Walking into a room is not generally an activity of monumental significance. Most of us walk into and out of rooms all day, and we watch others do the same. When the room is a courtroom, the dynamics change somewhat. To a plaintiff in a legal matter, walking into the courtroom may be of monumental significance. To a defendant, the activity may be even more significant. When the defendant is a head of state, the dynamics become complex.
Yesterday, Brazil's president was the subject of an impeachment vote for making improper budgetary maneuvers. Eventually, she may need to visit a courtroom to defend against these charges. Ultimately, she is not likely to be convicted of wrongdoing because of her affiliation with China. In fact, those who dared to call for a vote of impeachment are much more likely to be indicted and convicted of wrongdoing. That one may have one's good name and reputation besmirched for doing what many believe was the right thing to do in calling for the impeachment vote is unfortunate. However, when the timing is such that a rescue operation may be imminent, one has nothing to lose and everything to gain by engaging 100% and doing what one knows to be the right thing to do.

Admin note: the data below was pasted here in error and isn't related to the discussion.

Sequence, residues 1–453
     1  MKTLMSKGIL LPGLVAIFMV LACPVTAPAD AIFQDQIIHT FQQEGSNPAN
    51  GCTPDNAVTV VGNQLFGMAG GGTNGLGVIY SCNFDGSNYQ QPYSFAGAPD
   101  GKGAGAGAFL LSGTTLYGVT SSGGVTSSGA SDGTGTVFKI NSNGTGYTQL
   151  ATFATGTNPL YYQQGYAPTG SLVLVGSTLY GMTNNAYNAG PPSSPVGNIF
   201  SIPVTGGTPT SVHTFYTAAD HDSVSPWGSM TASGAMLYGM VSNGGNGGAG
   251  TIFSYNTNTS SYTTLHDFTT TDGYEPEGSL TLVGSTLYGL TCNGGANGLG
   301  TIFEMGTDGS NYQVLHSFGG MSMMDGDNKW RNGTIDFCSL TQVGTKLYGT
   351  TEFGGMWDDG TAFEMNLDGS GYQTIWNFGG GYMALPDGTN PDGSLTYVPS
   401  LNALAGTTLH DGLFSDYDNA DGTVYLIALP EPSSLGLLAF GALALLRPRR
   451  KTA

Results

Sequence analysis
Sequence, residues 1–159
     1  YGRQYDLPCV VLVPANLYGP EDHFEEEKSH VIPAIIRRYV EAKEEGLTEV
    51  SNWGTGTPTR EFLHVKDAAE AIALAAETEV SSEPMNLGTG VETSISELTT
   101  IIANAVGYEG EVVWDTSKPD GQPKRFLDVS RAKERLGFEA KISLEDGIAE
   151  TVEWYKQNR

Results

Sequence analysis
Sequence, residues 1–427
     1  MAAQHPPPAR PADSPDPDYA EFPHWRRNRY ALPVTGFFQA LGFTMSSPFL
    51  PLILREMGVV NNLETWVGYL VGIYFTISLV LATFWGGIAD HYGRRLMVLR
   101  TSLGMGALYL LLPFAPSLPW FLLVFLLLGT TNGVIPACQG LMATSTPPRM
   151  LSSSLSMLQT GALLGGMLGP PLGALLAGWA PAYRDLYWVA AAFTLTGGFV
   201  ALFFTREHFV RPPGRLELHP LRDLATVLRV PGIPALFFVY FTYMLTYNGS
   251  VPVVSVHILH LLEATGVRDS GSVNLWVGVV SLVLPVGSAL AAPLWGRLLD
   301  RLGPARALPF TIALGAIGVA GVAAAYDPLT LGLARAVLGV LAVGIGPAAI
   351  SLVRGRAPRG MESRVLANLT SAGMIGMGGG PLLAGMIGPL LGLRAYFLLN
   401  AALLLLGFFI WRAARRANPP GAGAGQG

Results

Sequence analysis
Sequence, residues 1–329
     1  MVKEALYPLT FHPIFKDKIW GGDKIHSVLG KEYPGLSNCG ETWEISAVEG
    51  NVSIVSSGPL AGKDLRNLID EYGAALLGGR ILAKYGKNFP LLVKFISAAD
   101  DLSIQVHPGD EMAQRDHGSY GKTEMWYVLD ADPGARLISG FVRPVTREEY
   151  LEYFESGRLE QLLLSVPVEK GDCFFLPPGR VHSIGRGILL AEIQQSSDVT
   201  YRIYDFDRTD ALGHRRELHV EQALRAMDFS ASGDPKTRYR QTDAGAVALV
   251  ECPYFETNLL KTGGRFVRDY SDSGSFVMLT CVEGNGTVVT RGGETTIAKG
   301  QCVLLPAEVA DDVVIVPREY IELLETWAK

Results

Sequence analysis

If you become aware that certain negative repercussions are imminent and acting in defense against those repercussions is potentially dangerous, one may be hesitant to act. It may be even more difficult if one is personally threatened with additional negative repercussions. One overriding factor in making a decision is looking beyond the current circumstances to the natural trajectory. Is there a much greater potential for a hopeful solution if you take action than if you maintain the status quo? Will taking action now move you into a higher operating paradigm that will have a greater capacity to produce a favorable solution? Is a generalized fear overwhelming the decision-making process? Is taking action the right thing to do for yourself, your country, your fellow citizens, and the global community as a whole? If the answer to these questions is "yes," then courage demands that you take immediate positive action.